The European Union is demanding to participate as an observing party to the United Nations-led Cyprus talks in Switzerland's Geneva on April 27-29.
The U.N.-led talks on the Cyprus issue will host the two sides on the island – the Turkish Republic of Northern Cyprus (TRNC) and the Greek Cypriot administration – as well as guarantor countries Turkey, Greece and the United Kingdom.
Speaking ahead of the bloc's foreign relations council meeting, a senior EU diplomat said Thursday that the bloc had participated in the previous Cyprus talks in Crans-Montana in 2017 as an observer and will take place in the upcoming talks under the same status.
"Cyprus issue is one of the most difficult diplomatic problems, but no matter how the solution is, since it will be on an island within the EU, as a natural and logical consequence of this, we will be there, as required by the EU acquis," the diplomat said.
For the EU to participate, U.N. Secretary-General Antonio Guterres must make an official invitation.
Earlier this month, the EU expressed that the bloc is ready to provide “whatever assistance” it can to both Turkish and Greek Cypriot leaders as well as the U.N., adding that it needs to get involved in the U.N.-led talks on Cyprus as the issue is an "EU problem."
“The sooner the EU becomes fully involved in the renewed settlement talks, the better,” the bloc’s foreign policy chief Josep Borrell wrote on his blog in the wake of his visit to the island of Cyprus, when he met with both Ersin Tatar, president of the TRNC, and Nicos Anastasiades, the Greek Cypriot administration leader.
Turkish leaders have expressed skepticism over EU involvement in the Cyprus issue, saying that the bloc has shown itself a biased actor on the issue.
The Cyprus issue remains unresolved despite a series of efforts over the past two decades, including a failed 2017 U.N. initiative with the participation of the guarantor countries.
The island has been divided since 1964, when ethnic attacks forced Turkish Cypriots to withdraw into enclaves for their safety. In 1974, a Greek Cypriot coup aiming at Greece’s annexation led to Turkey’s military intervention as a guarantor power to protect Turkish Cypriots from persecution and violence. The TRNC was founded in 1983. The Greek Cypriot administration entered the EU in 2004, the same year that Greek Cypriots thwarted a U.N. bid – the Annan Plan – to end the decadeslong dispute in a referendum.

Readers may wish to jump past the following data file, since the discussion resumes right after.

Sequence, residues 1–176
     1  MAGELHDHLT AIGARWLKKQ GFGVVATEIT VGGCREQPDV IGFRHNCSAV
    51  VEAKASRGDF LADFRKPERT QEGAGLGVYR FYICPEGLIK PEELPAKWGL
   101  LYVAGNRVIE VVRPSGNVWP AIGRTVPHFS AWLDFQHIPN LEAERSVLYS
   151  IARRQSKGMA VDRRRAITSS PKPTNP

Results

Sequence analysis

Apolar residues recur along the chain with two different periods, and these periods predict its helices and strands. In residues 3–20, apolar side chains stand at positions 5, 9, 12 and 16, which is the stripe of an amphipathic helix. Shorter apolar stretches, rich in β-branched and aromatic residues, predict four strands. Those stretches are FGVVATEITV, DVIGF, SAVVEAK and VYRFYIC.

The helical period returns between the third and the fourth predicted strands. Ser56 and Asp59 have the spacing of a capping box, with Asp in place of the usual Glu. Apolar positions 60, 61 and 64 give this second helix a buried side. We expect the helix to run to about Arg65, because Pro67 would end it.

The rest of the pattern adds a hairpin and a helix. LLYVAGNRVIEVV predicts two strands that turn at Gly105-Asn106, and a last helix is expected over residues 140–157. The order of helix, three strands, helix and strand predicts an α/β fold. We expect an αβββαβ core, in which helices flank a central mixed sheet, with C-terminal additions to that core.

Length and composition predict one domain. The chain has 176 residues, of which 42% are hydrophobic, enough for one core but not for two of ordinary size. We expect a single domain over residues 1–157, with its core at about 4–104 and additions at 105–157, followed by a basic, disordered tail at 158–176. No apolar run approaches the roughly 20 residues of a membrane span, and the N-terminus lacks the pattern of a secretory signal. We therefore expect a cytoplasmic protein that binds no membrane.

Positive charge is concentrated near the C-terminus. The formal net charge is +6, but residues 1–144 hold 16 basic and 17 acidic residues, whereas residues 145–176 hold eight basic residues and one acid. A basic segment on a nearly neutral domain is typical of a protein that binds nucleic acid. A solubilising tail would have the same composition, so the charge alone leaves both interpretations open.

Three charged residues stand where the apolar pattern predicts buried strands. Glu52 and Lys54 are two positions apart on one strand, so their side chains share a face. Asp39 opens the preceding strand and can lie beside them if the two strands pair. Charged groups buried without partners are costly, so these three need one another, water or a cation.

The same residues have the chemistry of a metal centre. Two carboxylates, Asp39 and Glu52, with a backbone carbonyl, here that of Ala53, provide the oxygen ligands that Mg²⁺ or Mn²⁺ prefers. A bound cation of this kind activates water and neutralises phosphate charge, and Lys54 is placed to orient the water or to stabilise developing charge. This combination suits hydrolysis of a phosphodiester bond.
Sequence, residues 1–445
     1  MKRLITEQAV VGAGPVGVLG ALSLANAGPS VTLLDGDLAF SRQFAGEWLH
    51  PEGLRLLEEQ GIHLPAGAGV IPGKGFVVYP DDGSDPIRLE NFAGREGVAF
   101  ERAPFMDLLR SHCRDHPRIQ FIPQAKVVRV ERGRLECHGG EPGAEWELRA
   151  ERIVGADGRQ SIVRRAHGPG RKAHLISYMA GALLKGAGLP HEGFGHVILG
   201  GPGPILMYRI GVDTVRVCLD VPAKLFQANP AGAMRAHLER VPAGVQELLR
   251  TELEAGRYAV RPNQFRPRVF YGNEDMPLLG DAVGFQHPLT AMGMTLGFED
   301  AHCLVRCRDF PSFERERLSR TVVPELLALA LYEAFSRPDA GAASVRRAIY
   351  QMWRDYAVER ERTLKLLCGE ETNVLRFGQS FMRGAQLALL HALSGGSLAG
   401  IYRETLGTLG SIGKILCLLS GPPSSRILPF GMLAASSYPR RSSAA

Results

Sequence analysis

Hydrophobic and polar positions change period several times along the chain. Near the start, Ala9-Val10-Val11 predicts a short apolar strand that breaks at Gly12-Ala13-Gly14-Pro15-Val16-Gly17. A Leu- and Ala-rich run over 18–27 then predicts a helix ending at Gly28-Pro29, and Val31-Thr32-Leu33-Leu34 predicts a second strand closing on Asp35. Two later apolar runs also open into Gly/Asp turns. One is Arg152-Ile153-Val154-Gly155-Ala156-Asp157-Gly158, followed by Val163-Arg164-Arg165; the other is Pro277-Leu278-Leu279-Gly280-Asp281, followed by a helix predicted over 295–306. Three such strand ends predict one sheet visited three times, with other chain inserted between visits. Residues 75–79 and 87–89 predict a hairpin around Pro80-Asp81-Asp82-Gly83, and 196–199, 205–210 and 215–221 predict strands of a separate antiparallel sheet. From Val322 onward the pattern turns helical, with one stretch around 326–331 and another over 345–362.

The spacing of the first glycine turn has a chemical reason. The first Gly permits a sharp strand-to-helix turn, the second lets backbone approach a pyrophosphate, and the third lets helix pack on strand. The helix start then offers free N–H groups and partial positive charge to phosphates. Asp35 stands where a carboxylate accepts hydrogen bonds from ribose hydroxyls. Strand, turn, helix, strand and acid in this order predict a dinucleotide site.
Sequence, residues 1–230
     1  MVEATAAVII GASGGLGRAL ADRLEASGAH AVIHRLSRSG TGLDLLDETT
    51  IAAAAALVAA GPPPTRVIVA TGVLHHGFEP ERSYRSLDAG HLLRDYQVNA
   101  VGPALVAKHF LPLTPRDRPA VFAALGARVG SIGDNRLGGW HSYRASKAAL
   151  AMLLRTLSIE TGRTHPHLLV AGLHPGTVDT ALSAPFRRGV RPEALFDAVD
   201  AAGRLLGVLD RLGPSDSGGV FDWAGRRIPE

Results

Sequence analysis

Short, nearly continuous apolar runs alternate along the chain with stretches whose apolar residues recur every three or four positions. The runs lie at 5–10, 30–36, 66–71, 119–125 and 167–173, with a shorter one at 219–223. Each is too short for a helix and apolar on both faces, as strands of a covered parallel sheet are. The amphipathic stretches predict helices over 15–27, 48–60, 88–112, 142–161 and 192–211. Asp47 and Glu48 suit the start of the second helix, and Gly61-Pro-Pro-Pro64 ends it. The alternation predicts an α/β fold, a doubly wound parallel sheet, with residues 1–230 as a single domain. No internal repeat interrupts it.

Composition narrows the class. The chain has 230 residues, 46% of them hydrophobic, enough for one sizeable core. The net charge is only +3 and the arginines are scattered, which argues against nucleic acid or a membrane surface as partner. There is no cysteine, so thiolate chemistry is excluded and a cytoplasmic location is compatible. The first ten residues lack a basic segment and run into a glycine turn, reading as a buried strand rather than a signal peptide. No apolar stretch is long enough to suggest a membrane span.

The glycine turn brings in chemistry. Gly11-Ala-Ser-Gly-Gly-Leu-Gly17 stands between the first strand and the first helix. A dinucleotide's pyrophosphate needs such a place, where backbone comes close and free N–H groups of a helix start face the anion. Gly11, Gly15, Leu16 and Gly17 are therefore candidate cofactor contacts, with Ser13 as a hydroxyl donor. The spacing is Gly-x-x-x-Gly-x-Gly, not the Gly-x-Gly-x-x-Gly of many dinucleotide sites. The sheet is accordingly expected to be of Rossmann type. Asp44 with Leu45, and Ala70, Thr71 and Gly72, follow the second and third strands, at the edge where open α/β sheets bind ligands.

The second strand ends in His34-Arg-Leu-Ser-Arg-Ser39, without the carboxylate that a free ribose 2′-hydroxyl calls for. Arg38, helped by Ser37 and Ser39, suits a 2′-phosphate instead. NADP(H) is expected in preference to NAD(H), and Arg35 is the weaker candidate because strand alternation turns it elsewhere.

The U.N. recently announced that Guterres was inviting the leaders to an informal meeting in Geneva, Switzerland on April 27-29 “to determine whether a common ground exists for the parties to negotiate a lasting solution to the Cyprus problem within a foreseeable horizon.”
Last month, President Recep Tayyip Erdoğan ruled out discussing a federal system to reunify the island of Cyprus, insisting that a two-state accord is the only way forward. TRNC President Ersin Tatar has strongly echoed Erdoğan. Greek Cypriots firmly reject any deal that would legitimize the island’s ethnic partition. The Greek Cypriot administration instead is proposing a “decentralized federation” under which the Greek and Turkish speaking zones would be granted more authority to run their own affairs.
Please click to read our informative text prepared pursuant to the Law on the Protection of Personal Data No. 6698 and to get information about the cookies used on our website in accordance with the relevant legislation.
6698 sayılı Kişisel Verilerin Korunması Kanunu uyarınca hazırlanmış aydınlatma metnimizi okumak ve sitemizde ilgili mevzuata uygun olarak kullanılan çerezlerle ilgili bilgi almak için lütfen tıklayınız.